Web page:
Cocoa on the ICE market rose on investor buying triggered by the weaker greenback against a basket of currencies, while ICE arabica coffee futures rose on light industry and investor buying, dealers said.
Benchmark London (Liffe) front-month white sugar futures broke above $700 per tonne for the first time and hit a record of $707.20 per tonne, before paring gains to stand at $699.80 per tonne, up $5.80 or 0.84%, in thin volume of 1,796 lots at 1137 GMT.
Benchmark ICE March raw sugar futures nudged up to a 29-year high of 27.49 cents a lb and then lost ground to stand at 27.20 cents, down 0.06 cent or 0.22%. It does look almost certain that well go to 30 cents a lb, said Nick Hungate, a soft commodities trader with Rabobank. Were being drawn to it like a magnet.
He added, Weve seen renewed buying from the speculative community and renewed short covering from the trade.
Sugar prices have put in a stellar performance this year, more than doubling with rains curtailing output in Brazil and strong Indian demand ensuring a big global deficit in 2009-10.
The latest data from Brazilian cane growers showing a slow crush in early December, due to the persistent rainfall, has reinforced a view that yields have been hard hit by the weather.
Hungate said he believed sugar prices would remain high in 2010, supported mainly by expectations of strong Indian demand. The Indian fundamentals are the main driver, he said.
Hungate added that he expected raw sugar futures to remain in a 20-30 cents a lb range during calendar 2010.
India, the worlds top sugar consumer, has shifted to become a net sugar importer from an exporter after a poor harvest.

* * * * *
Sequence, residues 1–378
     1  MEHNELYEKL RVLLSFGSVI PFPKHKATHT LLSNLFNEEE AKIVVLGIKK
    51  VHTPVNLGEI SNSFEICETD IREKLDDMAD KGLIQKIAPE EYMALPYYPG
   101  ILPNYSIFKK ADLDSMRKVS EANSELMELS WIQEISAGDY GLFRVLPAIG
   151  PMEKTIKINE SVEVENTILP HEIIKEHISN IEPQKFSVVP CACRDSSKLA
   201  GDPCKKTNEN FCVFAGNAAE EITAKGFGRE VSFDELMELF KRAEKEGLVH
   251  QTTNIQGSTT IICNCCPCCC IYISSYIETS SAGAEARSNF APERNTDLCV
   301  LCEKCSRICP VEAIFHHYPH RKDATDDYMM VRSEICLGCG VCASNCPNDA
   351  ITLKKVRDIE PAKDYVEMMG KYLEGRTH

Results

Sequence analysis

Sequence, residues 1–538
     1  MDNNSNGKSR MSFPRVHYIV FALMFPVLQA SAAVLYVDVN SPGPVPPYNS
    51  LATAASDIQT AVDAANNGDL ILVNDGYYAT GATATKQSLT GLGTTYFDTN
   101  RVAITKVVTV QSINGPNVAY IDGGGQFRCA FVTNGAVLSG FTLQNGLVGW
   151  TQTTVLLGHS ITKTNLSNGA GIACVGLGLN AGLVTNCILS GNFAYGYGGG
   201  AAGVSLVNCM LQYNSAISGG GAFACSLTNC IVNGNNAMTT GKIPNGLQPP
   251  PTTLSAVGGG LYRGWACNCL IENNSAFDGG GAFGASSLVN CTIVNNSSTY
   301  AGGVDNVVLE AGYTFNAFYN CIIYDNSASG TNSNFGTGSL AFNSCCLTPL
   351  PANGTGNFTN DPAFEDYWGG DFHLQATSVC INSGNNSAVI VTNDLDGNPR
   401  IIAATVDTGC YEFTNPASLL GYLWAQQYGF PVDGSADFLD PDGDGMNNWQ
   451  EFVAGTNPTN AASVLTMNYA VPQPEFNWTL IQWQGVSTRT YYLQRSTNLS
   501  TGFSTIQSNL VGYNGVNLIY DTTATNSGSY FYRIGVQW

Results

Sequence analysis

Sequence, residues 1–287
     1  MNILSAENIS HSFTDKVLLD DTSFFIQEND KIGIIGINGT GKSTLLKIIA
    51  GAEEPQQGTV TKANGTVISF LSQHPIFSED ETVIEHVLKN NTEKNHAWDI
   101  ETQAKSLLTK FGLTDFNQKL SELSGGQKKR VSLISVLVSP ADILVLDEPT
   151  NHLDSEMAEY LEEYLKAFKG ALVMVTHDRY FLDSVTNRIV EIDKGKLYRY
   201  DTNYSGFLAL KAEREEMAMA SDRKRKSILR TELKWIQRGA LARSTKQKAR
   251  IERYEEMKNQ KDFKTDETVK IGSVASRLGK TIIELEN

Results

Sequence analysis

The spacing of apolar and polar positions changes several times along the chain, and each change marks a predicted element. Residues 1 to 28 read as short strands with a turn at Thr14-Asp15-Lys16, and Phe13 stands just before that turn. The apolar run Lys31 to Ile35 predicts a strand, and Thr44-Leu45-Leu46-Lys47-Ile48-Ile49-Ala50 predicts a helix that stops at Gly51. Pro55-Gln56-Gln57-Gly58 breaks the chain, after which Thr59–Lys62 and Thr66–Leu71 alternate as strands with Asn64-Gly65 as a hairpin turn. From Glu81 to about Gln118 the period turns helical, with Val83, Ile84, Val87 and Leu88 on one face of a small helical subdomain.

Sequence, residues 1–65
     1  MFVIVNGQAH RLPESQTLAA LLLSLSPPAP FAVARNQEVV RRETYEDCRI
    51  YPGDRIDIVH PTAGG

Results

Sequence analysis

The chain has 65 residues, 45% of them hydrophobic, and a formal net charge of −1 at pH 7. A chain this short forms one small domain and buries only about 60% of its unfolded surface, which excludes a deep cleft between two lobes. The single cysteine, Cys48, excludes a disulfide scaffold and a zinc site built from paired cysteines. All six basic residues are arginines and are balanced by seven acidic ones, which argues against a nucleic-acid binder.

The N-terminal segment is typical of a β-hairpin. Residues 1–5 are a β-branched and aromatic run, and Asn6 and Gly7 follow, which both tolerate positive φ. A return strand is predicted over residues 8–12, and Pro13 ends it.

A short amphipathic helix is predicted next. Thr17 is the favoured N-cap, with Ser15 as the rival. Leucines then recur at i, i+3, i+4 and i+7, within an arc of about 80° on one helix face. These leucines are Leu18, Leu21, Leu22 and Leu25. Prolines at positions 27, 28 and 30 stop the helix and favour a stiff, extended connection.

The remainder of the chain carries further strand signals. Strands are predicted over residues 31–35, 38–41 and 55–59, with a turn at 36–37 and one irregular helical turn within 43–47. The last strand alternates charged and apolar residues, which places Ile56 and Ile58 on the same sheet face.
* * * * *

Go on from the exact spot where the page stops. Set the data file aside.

ICE cocoa futures edged up on light investor buying driven by the weaker dollar against a basket of currencies, and stronger financial market s in a bounce from Mondays slip to five-week lows, dealers said.
Sterling-denominated London cocoa edged lower, under pressure from a stronger pound, dealers said, noting that bullish supply-side market fundamentals would limit losses.
Well have to wait and see what impact there will be as the harmattan (West African wind) picks up, and as the West African main crop is expected to tail off sharply, one London cocoa futures dealer said.
ICE March cocoa lost some of its early upward momentum and stood up $11 or 0.34% at $3,241 per tonne, while Liffe May cocoa was down 22 pounds or 0.97% to 2,239 pounds per tonne in light volume of 172 lots.
Arabica and robusta coffee futures received a lift from industry buying, to take advantage of a recent slide in prices.
Industry doesnt want to miss a buying opportunity in arabicas below $1.40 a lb, one London coffee futures trader said.
ICE March arabica coffee futures were up 1.65 cent or 1.2% at $1.3860 per lb, while Liffe March robustas dipped to a contract low of $1,300 per tonne and later gained ground to stand at $1,320 per tonne, down $7 or 0.53% in moderate turnover of 3,832 lots.